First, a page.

"impossible; you are only sounding my ered
uality. I can never believe the one half of
this." • Then turning to the Captain he said:
"Captain, can this young man here be aim
ing at anything but to quiz me ?"
"No, indeed, please your excellency," re
plied the captain, "315. Franklin is not quiz
zing you ; he is saying what is
. really true,
for I am acquainted with his father and fami
The governor then turning to Ben, said
more moderately: "Well, my dear wonderful
boy, I ask your pardon for doubtiug, your
word , and new Tray tell me, for I feel a
stronger desire than ever to,hear your objec
tion to learning the dead langtirges.
'" Why, sir, object .to it principally on
account of the shortness of hunian
Taking them one with another, men do not
live above forty years. Plutarch, indeed,
only puts it at thirty-three. But say fbrty.—
Well, of this, full ten years are lost in child
hood, before any boy thinks of a Latin gram
mar. This brings the forty down to thirty.
Now, of such a moment as this to spend five
or Six years in learning the dead, languages;
especially, when all the best books in thoSe
languages are translated into ours—and, be
sides, we already have more books on every
subject than such. short lived creatures can
ever acquire—seems very preposterous."
"Well, what are you to do with their great
POets, Virgil and Homer, for example ; I
suppose you would not think of translating
Homer out of his rich native Greek into our
poor i homespun - English, would you?'
" Why not, sir ?" -
" Why,- I should as soon think of trans
plautmg a pine apple from Jamaica to Hos
"who can that
" Well,. sir, a skilful gardener, with his hot
house, would give us neatly as fine a pine
apple as any in Jamaica. And so, Mr. Pope,
with his fine imagination,,has given us Ho
mer in English; with more of his beauties
than ordinary scholars would find in him af
ter forty years study of the Greek. And be
sides, sir, if Homer was not translated, I am
far from thinking it would be worth sPending
five or six years to learn to read him in his
" You diflhr from • the critics, Mr. Frank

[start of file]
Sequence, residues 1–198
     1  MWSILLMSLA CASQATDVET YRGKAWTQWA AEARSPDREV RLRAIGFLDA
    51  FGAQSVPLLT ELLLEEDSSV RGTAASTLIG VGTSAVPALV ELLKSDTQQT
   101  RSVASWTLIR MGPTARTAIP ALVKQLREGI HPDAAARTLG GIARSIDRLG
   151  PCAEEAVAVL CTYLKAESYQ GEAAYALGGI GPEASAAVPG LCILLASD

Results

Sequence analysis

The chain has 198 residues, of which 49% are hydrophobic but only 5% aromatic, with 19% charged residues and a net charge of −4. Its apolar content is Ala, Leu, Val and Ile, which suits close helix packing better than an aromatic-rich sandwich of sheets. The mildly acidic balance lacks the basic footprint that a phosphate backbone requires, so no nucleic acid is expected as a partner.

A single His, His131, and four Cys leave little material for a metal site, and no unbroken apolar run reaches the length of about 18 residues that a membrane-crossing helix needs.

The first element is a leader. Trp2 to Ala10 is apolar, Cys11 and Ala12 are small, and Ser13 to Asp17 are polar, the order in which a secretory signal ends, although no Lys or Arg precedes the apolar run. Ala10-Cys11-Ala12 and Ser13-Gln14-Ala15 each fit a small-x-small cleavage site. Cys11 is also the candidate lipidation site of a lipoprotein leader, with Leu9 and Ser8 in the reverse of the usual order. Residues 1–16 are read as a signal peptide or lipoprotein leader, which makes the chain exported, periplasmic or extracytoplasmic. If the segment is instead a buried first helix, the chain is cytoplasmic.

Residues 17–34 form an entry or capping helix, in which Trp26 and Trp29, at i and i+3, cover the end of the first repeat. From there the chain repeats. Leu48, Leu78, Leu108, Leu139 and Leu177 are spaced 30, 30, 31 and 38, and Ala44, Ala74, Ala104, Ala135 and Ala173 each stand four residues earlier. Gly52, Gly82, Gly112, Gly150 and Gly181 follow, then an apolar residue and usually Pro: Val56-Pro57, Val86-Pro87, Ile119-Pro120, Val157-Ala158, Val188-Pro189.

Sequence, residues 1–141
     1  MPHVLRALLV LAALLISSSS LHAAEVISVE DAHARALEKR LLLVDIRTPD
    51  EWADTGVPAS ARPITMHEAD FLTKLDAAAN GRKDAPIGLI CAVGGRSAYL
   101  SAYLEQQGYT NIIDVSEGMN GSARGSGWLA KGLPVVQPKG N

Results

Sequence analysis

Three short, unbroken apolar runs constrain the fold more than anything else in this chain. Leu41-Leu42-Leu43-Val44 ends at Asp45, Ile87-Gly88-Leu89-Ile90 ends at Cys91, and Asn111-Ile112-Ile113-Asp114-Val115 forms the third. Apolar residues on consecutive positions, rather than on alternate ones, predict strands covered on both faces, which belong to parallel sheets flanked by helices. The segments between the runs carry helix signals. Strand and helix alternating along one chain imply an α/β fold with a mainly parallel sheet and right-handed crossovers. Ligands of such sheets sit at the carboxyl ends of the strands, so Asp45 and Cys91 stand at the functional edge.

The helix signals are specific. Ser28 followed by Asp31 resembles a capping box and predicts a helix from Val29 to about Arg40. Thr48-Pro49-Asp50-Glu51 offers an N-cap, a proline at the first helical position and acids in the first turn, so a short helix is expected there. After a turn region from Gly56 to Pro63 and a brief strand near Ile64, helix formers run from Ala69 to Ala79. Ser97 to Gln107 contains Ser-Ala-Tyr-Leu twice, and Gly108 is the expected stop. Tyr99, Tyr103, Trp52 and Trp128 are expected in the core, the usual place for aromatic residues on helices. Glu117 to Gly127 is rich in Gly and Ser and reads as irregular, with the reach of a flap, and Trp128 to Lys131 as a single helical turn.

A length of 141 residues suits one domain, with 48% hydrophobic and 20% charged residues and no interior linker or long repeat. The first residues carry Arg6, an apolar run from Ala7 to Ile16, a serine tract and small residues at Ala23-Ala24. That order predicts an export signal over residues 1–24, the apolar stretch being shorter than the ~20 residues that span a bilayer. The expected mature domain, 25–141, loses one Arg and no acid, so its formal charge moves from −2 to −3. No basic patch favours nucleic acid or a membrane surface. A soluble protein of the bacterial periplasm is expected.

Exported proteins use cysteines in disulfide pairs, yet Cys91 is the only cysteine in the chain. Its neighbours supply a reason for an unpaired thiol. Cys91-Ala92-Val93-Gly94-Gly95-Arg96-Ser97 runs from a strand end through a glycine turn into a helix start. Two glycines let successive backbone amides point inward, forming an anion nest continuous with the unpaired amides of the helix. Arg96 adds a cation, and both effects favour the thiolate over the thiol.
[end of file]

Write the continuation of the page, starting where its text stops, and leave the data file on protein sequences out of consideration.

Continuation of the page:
lin, for the critics all tell us his beauties are
." Yes, sir, and the naturalists tell us that
the beauties of the basilisk are inimitable
"The basilisk,. sir I Homer compared with
the basilisk I I really don't understand you,
"Why, I Mean sir, that as the basilisk is
the more to be dreaded from the beautiful
skin that covers its poison, so is Homer, for
the bright colorings be throws over bad char
aeters.and passions. Now, as rdon't‘ think
the b6nuties of poetry are, comparable to
those of philanthropy, nor a thousandth part
- so - important to ibuinnn happiness, I must
.confess, I dread Homer, e'specitilly as the
companion of youth. The humane find gen
tle virtues are 'certainly the greatest charms
and - sweeteners of life. And I suppose, sir,
you would hardly think of sending your son
to Achilles .to learn these."
"J agree he has too much revenge in his
4 'Y - es, sir, and when painted in the colors
which Homer's glowing fancy lends, what
youth but must run the most; imminent risk
of catching a spark of bad fire from such a
blaze as'he throws upon
‘ his pictures."
"Why this, though an uncommon view of
the subject, is, I confess, an ingonious one,
Mr. Franklin; but, surely, .'tis over-strain
"Not at all, air; we are told from good
authority, that it was the rending of Homer
that first put it into the head of Alexander
the Great to become a hero, and after him of
Charles XII. What Millions of creatures
aNe l.iron slaughterod by these two" great
butchers, is not known but .still, pro`mbly
not 11, tythe'of what have perished in duels,
between individuals, froM 'pride and revenge
nursed from reading Homer."
" Well, sir," replied the goverhor, " I MN
erheard the prince of bards treated in this;
way before. You must certainly be singular
in your charges against Homer."
"Ask your pardon, sir; I have 'the Otior
to think of Homer exactly as did the great
est phildsopher of antiquity; I menu Plato,
who strictly forbade the reading of Homer
to his republic. And yet Plato was a heath
Here the. governor came to a pause. But
perceiving Ben cast his eye on a splendid
copy of Pope, he suddenly seized that as a
fine opportunity to turn the conversation.--
So stepping up, he placed his hand on his
shoulder, and in a very familiar manner,
"Well, Mr. 'Franklin, there's an author
that I am sure you will not quarrel with ; an
withor that I think you will pronounce fault
"Why, sir," replied Ben, "I entertain a
most exalted opinion of Pope ; but still,'sir,
I think he is nut without his faults."
"It would puzzle you, I suspect, Mr
Franklin, as keen a critic as you are, to poin
"Well, sir," said Ben, hastily turning to
the place, " what do you think of this fa
mous couplet of Pope's:
"Immodest words admit of no defence,
For want of decency Is want orsenso."
"I sec no fault there."
n deeil r tq - II en
to roy mind a roan can ask no better excuse,
for any thing he does wrong, than his want
"How so 'I".
"Well, sir, if I might presume to alter a
line in this great 'Poet, I would do it in this
"Immodest words admit of THIS defonee,
That want of decency Is want of sense."